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United front on radium sought
New regional task force urged, but Waukesha mayor calls idea useless
By Darryl Enriquez
Milwaukee Journal Sentinel

Waukesha - Facing a cost as high as $88 million to reduce radium in city water and find a new water source, the city needs to seek federal and state funding for all Wisconsin communities with similar problems, state Rep. Ann Nischke said Monday.

The Waukesha Republican said the issue should be pursued by a new task force and presented as affecting a large area of the state, not just Waukesha.

"We need to think more regionally," Nischke said. "It needs a strategic formula to show its impact on the governing groups and make it a full statewide issue."

Waukesha Mayor Carol Lombardi, however, said Nischke's task force proposal would be useless.

"I don't feel there's any advantage to having a unified front when the majority of communities with radium problems aren't having the expense as we are to come into compliance," Lombardi said.

"I think there's more than sufficient groups - especially in the business community - and certainly the legislators are aware of it. I can't see any benefits in trying to come together," Lombardi said.

Waukesha is one of nearly 600 communities nationwide under federal orders to reduce the concentration of radium in municipal water supplies that originate from deep wells containing naturally occurring radioactive substances. The Environment Protection Agency has linked ingestion of too much radium to cancer.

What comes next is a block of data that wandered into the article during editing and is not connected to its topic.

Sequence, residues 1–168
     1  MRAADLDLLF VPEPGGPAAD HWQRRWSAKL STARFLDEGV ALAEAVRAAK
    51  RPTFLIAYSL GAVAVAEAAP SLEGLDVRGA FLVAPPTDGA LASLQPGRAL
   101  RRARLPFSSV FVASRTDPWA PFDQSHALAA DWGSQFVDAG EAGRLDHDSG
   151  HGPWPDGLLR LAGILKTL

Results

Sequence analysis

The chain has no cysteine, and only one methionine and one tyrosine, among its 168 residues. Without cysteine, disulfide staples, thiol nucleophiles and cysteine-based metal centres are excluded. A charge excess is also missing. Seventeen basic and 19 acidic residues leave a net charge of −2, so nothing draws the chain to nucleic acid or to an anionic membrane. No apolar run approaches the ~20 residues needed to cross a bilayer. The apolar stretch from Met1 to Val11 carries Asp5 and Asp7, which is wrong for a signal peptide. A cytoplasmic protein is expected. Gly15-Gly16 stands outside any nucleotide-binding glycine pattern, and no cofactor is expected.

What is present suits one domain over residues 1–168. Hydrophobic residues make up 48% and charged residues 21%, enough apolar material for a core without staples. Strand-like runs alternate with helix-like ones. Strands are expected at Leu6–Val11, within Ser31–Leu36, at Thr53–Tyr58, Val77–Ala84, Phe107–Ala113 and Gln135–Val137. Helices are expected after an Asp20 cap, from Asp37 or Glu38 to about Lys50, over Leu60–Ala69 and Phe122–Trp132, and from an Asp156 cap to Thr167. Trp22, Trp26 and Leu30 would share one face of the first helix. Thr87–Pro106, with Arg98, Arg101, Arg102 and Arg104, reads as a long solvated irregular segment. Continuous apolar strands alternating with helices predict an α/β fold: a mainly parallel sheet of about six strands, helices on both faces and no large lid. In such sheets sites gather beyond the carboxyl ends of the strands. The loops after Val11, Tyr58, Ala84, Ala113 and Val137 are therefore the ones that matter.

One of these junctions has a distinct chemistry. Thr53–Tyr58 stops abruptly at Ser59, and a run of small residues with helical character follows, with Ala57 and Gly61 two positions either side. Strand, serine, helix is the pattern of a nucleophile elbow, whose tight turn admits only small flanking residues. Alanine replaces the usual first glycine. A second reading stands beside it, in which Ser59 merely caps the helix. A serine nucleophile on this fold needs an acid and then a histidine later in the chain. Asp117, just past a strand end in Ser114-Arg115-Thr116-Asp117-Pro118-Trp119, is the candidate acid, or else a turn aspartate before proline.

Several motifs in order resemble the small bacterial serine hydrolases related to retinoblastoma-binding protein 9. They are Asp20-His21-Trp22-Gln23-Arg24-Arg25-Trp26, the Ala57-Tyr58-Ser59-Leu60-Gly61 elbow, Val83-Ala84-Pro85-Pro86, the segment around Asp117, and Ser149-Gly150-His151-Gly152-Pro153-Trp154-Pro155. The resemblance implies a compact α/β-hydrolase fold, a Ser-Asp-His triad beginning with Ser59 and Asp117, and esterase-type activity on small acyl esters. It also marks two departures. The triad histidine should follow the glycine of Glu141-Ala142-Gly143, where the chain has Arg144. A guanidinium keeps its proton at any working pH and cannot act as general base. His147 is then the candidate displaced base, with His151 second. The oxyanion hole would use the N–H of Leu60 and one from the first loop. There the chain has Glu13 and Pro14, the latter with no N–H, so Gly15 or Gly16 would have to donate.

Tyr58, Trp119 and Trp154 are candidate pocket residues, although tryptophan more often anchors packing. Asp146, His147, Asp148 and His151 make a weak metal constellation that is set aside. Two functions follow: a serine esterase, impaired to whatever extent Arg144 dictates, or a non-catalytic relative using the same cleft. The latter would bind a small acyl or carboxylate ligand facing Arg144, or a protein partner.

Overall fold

Wisconsin water utilities must submit plans to abate radium to the state Department of Natural Resources by early December and then will have three years to get the plans approved and implemented.

Lombardi said the time to unify was when Waukesha fought in a federal appeals court to have the Environment Protection Agency relax its standards on radium concentrations. The city picked up the full cost of that legal action and in total has spent $1.5 million trying to have the federal government back down.

"We don't have time for another task force," Lombardi said. "We already know what we need."

To reduce the radium concentration, the city is considering drilling new wells into the radium-free shallow aquifer in southern Waukesha. Water from the new source would be blended with radium-ladened water from existing wells to bring down the overall concentration.

City officials believe that because the deep aquifer is degenerating, it will be necessary to find a new source, possibly from Lake Michigan or from a new well field in western Waukesha County, within five to 10 years.

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